Abortion up to the day of birth does grate a little on me. But then, Ancient Rome allowed it for up to three years after birth. So my distaste for the notion is cultural rather than objective. It helps to be aware of stuff like that. Did you know that the Bible even includes instructions for a chemically induced abotion (Numbers 5:11-31) for women suspected of infidelity? Fascinating!
People love throwing around the word “science” as though that can provide some kind of moral guidance. Yes, the cells making up an embrio or zygot are a unique combination of their parents’ genes and therefore can be defined as a unique and individual human who is going to die some time in the next 100 or so years regardless of what laws we pass. Genetic science can show that conception results in a new and unique human set of DNA. It can also show that the majority of fertilised eggs are naturally passed from the body and die, and of those that do manage to attach the the ureteral wall, well over half self abort within a few weeks under natural conditions.
The question really isn’t “Is this life human?”, as it clearly is. The real question is who gets to decide whether this individual human life should continue? Is it the parents or is it the government?
4 thoughts on “Abortion”
I appreciate the conclusion of your article and the important question you raise, however, blithely characterising Numbers 5:11-31 as “instructions for a chemically induced abortion” is incorrect. The predicted judgment for infidelity in this passage was for permanent infertility not abortion. As the method used was meant to have absolutely no effect on the innocent, it’s quite wrong to regard this as sanctioning – far less providing a recipe for – abortion The Talmud is more explicit in instructing that there is to be no vitriol added to the mixture so the innocent will remain unharmed. The main intent for this seems to be putting a stop to jealous shenanigans of husbands who refuse to believe their wives’ assurances of fidelity – interestingly, there is no recorded instance of a woman suffering from this judgment in scripture.
Given that the floor of the tabernacle would frequently run red with the blood of animals which would then be trodden into the dust by feet and hooves, I can’t imagine that having a pregnant woman drink dirt off the floor would pass the Pregnancy Nutrition test. I distinctly recall my pregnant friend saying she couldn’t eat unpasteurized dairy foods, seafood, and anything that has touched the floor of an abattoir. I will concede that there is nothing specifically in the text that states the purpose of this “test” was to induce miscarriage, but if there were any record in the Bible of it actually being used I have a pretty good idea of the likely result.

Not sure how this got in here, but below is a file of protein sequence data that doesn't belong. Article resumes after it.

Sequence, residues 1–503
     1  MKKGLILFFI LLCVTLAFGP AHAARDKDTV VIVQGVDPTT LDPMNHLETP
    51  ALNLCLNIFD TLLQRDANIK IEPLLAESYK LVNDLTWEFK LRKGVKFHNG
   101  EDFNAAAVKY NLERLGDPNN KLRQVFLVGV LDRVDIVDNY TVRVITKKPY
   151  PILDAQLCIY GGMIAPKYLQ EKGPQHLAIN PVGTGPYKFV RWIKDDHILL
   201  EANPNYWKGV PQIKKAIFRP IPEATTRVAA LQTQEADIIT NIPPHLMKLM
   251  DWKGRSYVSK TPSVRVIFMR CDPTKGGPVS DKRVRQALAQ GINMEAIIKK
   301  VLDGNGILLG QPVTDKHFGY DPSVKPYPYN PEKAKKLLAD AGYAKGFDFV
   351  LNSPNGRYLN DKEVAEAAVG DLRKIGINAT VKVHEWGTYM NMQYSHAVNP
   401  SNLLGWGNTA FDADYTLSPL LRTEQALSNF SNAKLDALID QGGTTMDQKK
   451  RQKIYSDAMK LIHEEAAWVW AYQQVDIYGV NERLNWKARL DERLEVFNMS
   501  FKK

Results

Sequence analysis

Looks like you’re thinking of the (inner) courtyard – no animals would enter or be sacrificed in the tabernacle itself and the only blood to be taken in there would be in a small bowl to be applied on the interior furniture and implements once a year.
While I don’t see a great difference between the dirt off the floor where animals were slaughtered and dirt off the floor where people could only access after walking through the blood and scattered entrails, I’ll leave that point as it isn’t sufficient as a foundation.
The symptoms of a guilty verdict appear to be pelvic prolapse (stomach swells and the groin drops and wastes away). This condition is common in pregnancy but is not exclusively caused by it, so it isn’t an absolute that the woman must be pregnant but does seem likely. The fact that a husband suspects infidelity but has no proof would support the possibility of a pregnancy, since most other evidences of infidelity provide a degree of certainty or at the very least a male suspect. This interpretation doesn’t actually do anything to support my initial interpretation as pelvic prolapse is rarely a fatal condition for the foetus (particularly when compared to a woman being stoned to death if found guilty of infidelity while pregnant).
Would you be willing to provide a link to the section of the Talmud which refers to not adding vitriol? I’ve found others referencing it but I haven’t been able to find this verse in an original translation.